In other words, the truth is not very profitable. Never has been. Facebook knows this. They’re not going to build a billion dollar algorithm and not lean on hundreds of years of knowledge about what actually sells. Whereas the media writes content meant to sell, Facebook lets users write the content...and then shows other users the content that will help Facebook make money.
The point is, Facebook’s algorithm is about what they want you to see, not what’s most valuable to you. Now, is this speculation on my part? To some degree, yes. But the effect is what really matters for small business marketing.
Some insights about the algorithm
Social Media Examiner tells us why “content distribution is no longer guaranteed on social media platforms”, saying:
“As marketers, we all want to have our message heard or seen but it’s getting harder now because of algorithms. One of the biggest changes is the volume of content pressing down on everyone.
If you look at what’s happened in television in the past10 years, it’s become saturated and it costs more to get in the game. Being great isn’t enough. To stand out on television, you’ve got to be the likes of Game of Thrones or The Mandalorian. That’s the way it’s going to be on Facebook and YouTube.”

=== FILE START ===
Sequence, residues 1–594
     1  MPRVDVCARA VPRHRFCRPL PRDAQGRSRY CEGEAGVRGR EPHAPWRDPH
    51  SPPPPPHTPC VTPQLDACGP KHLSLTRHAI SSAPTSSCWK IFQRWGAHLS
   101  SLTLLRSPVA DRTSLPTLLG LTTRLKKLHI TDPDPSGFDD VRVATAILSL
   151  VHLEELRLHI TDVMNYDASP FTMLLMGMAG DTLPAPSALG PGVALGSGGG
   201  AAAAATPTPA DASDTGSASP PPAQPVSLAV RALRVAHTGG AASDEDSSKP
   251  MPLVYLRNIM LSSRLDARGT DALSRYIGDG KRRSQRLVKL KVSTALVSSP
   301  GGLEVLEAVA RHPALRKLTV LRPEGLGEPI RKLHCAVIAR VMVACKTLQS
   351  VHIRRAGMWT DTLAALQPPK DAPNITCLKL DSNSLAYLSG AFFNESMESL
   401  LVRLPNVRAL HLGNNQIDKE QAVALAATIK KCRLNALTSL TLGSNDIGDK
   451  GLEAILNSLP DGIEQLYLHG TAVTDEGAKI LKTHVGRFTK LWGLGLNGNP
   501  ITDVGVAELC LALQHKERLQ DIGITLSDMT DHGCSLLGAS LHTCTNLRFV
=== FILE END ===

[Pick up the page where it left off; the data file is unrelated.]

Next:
Think about the implications of this. Can your business afford to be the Game of Thrones of Facebook marketing? Do you have the money, time, and skill set to pull that off? Sadly, major platforms like Facebook are going down the road of traditional advertising: the companies that get a respectable ROI from Facebook marketing are those with large audiences and large budgets. Here’s another quote from the aforementioned article by Hootsuite:
“As of the end of 2020, organic reach is still on the decline. The average reach for an organic Facebook post is down to 5.2%. (For the record, at the end of 2019 it was 5.5%, and the year before that it was7.7%)”
Note: an “organic” post, in this context, is when you don’t pay the platform to promote or “boost” your post.
The irony here is that small businesses who are trying to reach a small, local audience are getting drowned out by the sheer volume of users on Facebook . With millions of accounts posting content and millions of users consuming it, it almost takes a miracle for your content to cut through the noise and reach the people it’s intended for. All the while, they’re using Facebook over other tools because...wait for it...that’s where the users are.
So what is it about the algorithm that allows some messages to get through, while others don’t? We can refer to Hootsuite again for more insight. Here are some suggestions they have, taken from the same article, about what not to post.